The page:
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September 21, 1999
Legal Eagle Discovers Her Karmic Heritage
In between talking about her Harvard years, her stops at the Supreme Court and the Clinton White House, and her new job as New York State's solicitor-general, 33-year-old Preeta D Bansal makes time to discuss the discovery of her karmic heritage.
"Although I was brought up in a Hindu home, I never really learned much about the underlying philosophy of Hinduism (as opposed to the rituals)," says Bansal who represents New York in courts on issues from constitutional interpretation to affirmative action.
"Through my own professional career path, I have, ironically, come to the kind of pursuit of self-realization which Hindu philosophy and other world religions teach."
Bansal, who has been described by her peers and superiors as "smarter than the smartest lawyers", also says she has "learned to look inward rather than outward".
"I try not to follow external worldly guides of success, but rather try to be true to myself. I try not to force relationships or situations with other people; I just try to relax and let things develop naturally."
Attorney-General Eliot Spitzer described Bansal an "aggressive attorney with impeccable credentials and experience". When he appointed her a few months ago, he had said he expected her to bring her "unparalleled zeal and commitment to public interest law" to her job.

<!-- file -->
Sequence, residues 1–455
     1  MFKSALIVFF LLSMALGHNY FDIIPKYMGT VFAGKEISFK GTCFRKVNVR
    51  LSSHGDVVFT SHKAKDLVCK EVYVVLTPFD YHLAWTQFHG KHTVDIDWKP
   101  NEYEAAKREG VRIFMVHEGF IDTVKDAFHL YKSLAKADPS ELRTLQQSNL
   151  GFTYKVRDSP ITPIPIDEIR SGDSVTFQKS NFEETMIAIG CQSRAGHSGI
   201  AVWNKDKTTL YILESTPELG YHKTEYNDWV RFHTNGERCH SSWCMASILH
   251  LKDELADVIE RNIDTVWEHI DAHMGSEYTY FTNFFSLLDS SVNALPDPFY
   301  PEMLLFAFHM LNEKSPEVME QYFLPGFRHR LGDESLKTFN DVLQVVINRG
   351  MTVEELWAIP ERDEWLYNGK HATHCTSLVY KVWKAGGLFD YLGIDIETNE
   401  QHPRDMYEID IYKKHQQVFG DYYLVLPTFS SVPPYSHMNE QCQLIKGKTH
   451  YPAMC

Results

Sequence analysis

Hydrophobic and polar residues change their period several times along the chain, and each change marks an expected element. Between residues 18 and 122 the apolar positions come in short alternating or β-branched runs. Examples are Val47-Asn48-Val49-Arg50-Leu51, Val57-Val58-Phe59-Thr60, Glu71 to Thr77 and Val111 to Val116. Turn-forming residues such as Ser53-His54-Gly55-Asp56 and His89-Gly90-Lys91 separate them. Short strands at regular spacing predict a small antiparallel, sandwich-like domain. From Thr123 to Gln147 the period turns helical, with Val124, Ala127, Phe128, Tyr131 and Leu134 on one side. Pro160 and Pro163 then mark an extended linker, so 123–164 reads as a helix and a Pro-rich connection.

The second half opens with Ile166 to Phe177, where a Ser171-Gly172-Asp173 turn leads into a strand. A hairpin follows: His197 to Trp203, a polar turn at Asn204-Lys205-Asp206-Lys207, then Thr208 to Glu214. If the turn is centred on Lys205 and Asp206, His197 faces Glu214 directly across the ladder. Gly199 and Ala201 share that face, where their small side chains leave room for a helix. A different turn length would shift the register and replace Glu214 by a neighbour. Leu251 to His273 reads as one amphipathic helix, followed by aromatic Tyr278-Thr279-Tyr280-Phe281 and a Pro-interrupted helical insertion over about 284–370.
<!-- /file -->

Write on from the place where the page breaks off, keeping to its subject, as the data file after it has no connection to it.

Walter Dellinger, former US solicitor general and former chief legal advisor to US Attorney General Janet Reno, has called Bansal 'one of the most gifted lawyers of her generation.'
'She combines a brilliant analytical mind with mature, solid judgment,' he said.
Former chief judge James L Oakes of the US Court of Appeals for the Second Circuit has called Bansal 'a superstar.'
Her rapid rise in the legal lane has brought her to a job that challenges her most.
"I love my job. It is the perfect blend of high-minded legal analysis with real-world political impact. I really could not ask for more," says the soft-spoken Bansal.
When Bansal was a toddler, she moved with her family to Lincoln, Nebraska, where her father, Dr Mahendra K Bansal, was doing his Ph D in civil engineering and her mother, Dr Prem Lata Bansal, was a social welfare and health care advisor to the governor. They still live in Nebraska.
'The only Indians I knew in Nebraska were my siblings. There were no outlets for feelings of difference, so I spent more of my school years fitting in rather than fitting apart,' Bansal recalled recently in a New York Times interview.
Today, her brother Sanjay is a laser eye surgeon in San Francisco and her sister Ameeta Bansal Martin, 37, is a pediatric cardiologist and stock portfolio manager in Nebraska. "I am grateful for the support I have got from my family," she says.
One of the things she cherishes most about her parents is that the freedom they gave to chart her career.
For awhile, after she graduated from Harvard which she found 'stifling, narrow and more of a professional school, with the gunning mentality,' Bansal was looking for opportunities to quench her thirst for knowledge than to establish a specific career path.
But her former professors cajoled her into joining the Law Review. She did so, reluctantly, standing out among many of her classmates who seemed focused on the end of graduation.
"I didn't know what all those students were looking for at the end of the rainbow." Bansal said in an interview.